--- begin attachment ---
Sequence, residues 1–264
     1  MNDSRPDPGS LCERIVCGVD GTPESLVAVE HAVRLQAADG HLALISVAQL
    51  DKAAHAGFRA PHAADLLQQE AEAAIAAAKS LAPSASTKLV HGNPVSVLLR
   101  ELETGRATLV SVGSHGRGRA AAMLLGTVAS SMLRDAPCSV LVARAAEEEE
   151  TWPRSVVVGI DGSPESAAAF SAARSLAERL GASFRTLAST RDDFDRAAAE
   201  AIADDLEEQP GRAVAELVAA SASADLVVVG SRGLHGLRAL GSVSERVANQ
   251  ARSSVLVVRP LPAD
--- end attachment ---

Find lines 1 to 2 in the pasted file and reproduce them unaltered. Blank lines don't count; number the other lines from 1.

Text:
Sequence, residues 1–264
     1  MNDSRPDPGS LCERIVCGVD GTPESLVAVE HAVRLQAADG HLALISVAQL